prices are higher than the 13th month futures contract prices (backwardation)
and, at other times, the near month futures contract prices are lower than the
13th month futures contract prices (contango).

34

Table of Contents

*PAST PERFORMANCE IS NOT NECESSARILY INDICATIVE OF FUTURE RESULTS

[[Image Removed: Graphic]]

An alternative way to view the same data is to subtract the dollar price of the
13th month crude oil futures contract from the dollar price of the
near month crude oil futures contract, as shown in the chart below. When the
difference is positive, the market is in backwardation. When the difference is
negative, the market is in contango. The crude oil market spent time in both
backwardation and contango during the last ten years.

35

Table of Contents

*PAST PERFORMANCE IS NOT NECESSARILY INDICATIVE OF FUTURE RESULTS

[[Image Removed: Graphic]]

An investment in a portfolio that owned only the near month crude oil futures
contract would likely produce a different result than an investment in a
portfolio that owned an equal number of each of the near 12 months’ of crude oil
futures contracts. Generally speaking, when the crude oil futures market is in
backwardation, a portfolio of only the near month crude oil futures contract may
tend to have a higher total return than a portfolio of 12 months’ of the crude
oil futures contract. Conversely, if the crude oil futures market was in
contango, the portfolio containing only 12 months’ of crude oil futures
contracts may tend to outperform the portfolio holding only the near month

crude
oil futures contract.

36

Table of Contents

Historically, the crude oil futures markets have experienced periods of contango
and backwardation, with backwardation being in place somewhat less often than
contango since oil futures trading started in 1983. Following the global
financial crisis in the fourth quarter of 2008, the crude oil market moved into
contango and remained in contango for a period of several years. During parts of
2009, the level of contango was unusually steep as a combination of slack U.S.
and global demand for crude oil and issues involving the physical transportation
and storage of crude oil at Cushing, Oklahoma, the primary pricing point for oil
traded in the U.S., led to unusually high inventories of crude oil. A
combination of improved transportation and storage capacity, along with growing
demand for crude oil globally, moderated the inventory build-up and led to
reduced levels of contango by 2011. However, at the end of November 2014, global
crude oil inventories grew rapidly after OPEC voted to defend its market share
against U.S. shale-oil producers, resulting in another period during which the
crude oil market remained primarily in contango. This period of contango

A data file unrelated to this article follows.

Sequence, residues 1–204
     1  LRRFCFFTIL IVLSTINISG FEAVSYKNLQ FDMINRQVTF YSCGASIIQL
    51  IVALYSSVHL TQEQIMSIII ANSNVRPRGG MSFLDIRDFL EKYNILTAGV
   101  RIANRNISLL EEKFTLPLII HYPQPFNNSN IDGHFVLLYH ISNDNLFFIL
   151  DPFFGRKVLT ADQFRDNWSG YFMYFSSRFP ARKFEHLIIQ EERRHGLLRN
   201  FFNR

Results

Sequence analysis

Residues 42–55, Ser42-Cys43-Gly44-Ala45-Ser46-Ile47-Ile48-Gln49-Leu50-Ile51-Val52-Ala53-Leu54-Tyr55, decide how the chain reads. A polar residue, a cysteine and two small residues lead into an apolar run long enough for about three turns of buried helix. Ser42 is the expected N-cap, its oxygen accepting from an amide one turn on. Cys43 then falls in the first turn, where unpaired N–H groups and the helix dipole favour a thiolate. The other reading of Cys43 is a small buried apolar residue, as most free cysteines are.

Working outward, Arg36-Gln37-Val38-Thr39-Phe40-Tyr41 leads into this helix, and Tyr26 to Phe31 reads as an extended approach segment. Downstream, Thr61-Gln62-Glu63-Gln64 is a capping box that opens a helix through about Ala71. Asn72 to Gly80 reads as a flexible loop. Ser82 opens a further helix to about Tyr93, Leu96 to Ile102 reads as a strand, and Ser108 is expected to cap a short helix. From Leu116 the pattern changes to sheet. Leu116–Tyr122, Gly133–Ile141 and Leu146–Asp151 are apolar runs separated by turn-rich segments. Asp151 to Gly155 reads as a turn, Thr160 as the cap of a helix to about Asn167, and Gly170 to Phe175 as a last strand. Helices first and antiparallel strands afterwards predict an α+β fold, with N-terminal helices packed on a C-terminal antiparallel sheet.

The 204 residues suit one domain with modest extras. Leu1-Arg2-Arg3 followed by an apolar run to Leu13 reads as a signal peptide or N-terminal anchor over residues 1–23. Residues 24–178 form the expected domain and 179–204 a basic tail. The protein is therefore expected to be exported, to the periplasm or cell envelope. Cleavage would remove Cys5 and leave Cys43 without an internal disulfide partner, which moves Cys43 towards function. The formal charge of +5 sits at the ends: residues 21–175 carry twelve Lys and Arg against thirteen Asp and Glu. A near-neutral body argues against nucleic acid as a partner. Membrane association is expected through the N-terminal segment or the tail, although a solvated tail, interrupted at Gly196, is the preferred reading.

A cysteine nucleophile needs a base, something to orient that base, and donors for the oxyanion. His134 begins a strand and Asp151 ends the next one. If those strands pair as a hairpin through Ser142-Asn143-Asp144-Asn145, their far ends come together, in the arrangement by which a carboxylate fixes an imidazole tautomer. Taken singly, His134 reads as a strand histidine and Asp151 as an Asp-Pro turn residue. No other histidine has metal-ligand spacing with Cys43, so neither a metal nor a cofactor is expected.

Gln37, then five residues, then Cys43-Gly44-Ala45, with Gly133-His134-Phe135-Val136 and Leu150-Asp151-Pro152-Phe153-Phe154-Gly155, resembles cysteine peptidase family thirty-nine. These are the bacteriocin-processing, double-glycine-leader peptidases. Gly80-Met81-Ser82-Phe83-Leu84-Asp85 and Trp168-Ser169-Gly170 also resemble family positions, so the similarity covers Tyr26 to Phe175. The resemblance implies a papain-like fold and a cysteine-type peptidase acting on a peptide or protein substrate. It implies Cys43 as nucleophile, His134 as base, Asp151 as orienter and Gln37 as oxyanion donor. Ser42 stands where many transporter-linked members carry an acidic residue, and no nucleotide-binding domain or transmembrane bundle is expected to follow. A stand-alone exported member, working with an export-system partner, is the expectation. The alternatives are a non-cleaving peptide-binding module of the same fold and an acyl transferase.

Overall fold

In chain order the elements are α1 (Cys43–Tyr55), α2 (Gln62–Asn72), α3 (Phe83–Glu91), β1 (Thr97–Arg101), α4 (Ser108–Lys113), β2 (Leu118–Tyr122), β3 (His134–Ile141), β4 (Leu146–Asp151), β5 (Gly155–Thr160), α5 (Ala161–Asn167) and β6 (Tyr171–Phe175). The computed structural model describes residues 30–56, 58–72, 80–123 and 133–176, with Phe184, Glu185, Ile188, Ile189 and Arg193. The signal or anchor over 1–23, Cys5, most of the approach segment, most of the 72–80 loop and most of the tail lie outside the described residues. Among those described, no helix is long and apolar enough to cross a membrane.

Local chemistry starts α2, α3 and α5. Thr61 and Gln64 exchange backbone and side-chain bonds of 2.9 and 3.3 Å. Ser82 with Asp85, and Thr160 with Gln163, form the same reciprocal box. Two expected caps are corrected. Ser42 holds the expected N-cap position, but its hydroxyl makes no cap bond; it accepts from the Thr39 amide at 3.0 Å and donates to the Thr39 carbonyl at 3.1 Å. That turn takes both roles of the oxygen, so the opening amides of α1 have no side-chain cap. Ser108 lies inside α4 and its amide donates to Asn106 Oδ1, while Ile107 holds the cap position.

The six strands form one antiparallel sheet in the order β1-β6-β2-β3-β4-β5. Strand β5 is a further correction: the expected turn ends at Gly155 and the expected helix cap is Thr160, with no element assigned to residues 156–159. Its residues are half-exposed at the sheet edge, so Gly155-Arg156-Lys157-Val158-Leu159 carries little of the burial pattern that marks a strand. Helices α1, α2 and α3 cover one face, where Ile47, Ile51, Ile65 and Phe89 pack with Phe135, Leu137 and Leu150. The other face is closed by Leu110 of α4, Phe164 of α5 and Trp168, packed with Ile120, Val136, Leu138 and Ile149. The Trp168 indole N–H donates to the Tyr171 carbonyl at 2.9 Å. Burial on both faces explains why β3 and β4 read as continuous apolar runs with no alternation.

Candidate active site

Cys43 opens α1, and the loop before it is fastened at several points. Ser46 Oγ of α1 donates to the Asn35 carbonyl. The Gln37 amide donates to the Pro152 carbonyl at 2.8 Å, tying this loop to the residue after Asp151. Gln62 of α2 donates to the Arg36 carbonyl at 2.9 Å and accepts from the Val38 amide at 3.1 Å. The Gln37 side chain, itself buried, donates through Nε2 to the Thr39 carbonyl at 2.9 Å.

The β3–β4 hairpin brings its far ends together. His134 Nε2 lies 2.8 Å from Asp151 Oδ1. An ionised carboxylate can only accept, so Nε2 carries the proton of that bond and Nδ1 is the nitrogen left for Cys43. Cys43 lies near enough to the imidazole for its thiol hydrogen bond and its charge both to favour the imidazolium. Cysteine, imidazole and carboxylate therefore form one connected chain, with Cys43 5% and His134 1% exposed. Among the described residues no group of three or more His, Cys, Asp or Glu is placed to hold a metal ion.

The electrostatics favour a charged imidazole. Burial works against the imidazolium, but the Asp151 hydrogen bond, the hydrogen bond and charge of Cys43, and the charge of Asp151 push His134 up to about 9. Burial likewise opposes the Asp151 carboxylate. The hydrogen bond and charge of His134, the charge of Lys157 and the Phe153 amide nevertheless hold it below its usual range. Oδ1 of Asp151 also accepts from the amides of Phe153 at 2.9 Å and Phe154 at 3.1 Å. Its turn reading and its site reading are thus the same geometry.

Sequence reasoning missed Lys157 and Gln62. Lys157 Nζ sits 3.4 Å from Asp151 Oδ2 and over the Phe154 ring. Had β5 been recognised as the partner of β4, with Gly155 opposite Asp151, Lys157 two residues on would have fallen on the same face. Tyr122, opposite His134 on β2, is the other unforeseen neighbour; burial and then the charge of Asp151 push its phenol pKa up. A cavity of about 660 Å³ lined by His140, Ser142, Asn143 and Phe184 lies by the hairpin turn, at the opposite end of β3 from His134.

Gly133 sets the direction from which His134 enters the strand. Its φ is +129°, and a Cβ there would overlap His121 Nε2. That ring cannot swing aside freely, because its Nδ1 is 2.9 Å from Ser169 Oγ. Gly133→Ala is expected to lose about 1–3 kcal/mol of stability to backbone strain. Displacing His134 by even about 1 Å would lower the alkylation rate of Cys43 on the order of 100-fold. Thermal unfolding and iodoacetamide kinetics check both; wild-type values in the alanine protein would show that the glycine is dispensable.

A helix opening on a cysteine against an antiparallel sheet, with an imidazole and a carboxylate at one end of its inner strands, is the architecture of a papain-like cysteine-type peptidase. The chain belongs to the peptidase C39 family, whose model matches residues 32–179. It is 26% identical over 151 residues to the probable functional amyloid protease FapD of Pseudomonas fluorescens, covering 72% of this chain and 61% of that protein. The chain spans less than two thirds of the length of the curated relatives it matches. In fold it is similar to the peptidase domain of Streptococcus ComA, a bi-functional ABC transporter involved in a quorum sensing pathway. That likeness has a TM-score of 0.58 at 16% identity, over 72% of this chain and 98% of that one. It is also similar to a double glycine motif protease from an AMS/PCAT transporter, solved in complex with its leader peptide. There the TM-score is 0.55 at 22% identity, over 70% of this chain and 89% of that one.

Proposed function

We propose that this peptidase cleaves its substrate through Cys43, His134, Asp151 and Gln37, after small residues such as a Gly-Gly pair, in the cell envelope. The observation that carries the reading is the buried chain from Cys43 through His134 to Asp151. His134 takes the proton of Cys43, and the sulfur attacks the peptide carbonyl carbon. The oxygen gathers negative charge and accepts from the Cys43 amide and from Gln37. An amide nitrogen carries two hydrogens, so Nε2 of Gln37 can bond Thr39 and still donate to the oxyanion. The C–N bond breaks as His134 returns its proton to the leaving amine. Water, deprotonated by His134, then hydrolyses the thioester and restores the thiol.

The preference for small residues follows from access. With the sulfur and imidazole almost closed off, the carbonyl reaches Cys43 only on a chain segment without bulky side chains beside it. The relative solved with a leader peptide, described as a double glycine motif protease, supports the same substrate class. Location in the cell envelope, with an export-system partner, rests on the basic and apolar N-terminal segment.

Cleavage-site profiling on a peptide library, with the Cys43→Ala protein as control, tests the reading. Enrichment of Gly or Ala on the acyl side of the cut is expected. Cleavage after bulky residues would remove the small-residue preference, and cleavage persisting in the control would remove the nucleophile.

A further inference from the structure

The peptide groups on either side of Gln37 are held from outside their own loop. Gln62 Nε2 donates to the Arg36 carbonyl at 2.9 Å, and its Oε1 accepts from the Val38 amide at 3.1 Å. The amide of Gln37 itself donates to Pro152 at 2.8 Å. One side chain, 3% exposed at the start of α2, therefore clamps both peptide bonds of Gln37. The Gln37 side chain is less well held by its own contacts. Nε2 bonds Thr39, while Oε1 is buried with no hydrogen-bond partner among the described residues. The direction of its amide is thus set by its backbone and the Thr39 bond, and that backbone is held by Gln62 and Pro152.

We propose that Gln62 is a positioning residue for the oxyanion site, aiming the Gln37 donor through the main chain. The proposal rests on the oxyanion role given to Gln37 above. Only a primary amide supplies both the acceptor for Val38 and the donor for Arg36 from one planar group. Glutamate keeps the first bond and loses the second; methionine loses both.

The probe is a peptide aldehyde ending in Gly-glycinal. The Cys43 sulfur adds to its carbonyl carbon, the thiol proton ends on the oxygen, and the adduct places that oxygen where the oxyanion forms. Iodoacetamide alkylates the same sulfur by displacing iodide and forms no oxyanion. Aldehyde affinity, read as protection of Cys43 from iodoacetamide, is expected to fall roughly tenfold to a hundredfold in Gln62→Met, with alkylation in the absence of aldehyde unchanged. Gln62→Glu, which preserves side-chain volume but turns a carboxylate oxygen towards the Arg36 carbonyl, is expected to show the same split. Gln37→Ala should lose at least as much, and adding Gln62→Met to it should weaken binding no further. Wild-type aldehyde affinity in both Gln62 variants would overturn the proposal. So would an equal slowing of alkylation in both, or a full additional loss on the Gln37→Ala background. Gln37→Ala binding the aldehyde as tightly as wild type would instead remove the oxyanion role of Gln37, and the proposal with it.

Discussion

continued through December 31, 2017. Declining global crude oil inventories
caused the market to flip into backwardation at the beginning of 2018 through
late October 2018, at which point ongoing supply growth in the U.S., combined
with increased OPEC production, once again led market participants to fear
another global glut of crude oil. The crude oil market was primarily in contango
the first half of 2019 and in backwardation during the second half of 2019.

Crude oil flipped back into contango in January 2020 and remained predominantly
in contango throughout 2020.

In March 2020, contango dramatically increased and reached historic levels
during the economic crisis arising from the COVID-19 pandemic and disputes among
oil producing nations regarding limits on oil production levels. This level of
contango was due to significant market volatility that occurred in crude oil
markets as well as oil futures markets. Crude oil prices collapsed in the wake
of the COVID-19 demand shock, which reduced global petroleum consumption, and
the price war launched by Saudi Arabia at the beginning of March 2020 in
response to Russia’s unwillingness to participate in extending previously agreed
upon supply cuts. An estimated twenty million barrels a day of crude demand
evaporated as a result of quarantines and massive drops in industrial and
manufacturing activity. Eventually, the United States, OPEC, Russia, and other
oil producers around the world agreed to a historic 9.7 million barrel per day
cut to crude supply. The supply cut along with the partial reopening of
economies during the third quarter of 2020 reduced some of the unprecedented
volatility oil markets experienced in the spring of 2020. Likewise, contango
returned to moderate levels in May 2020. During the six months ended June 30,
2021, the crude oil futures market was primarily in a state of backwardation as
measured by the difference between the front month and the second month
contract.

As a result of market and regulatory conditions, including significant market
volatility, large numbers of USO shares purchased during a short period of time,
applicable regulatory accountability levels and position limits on oil futures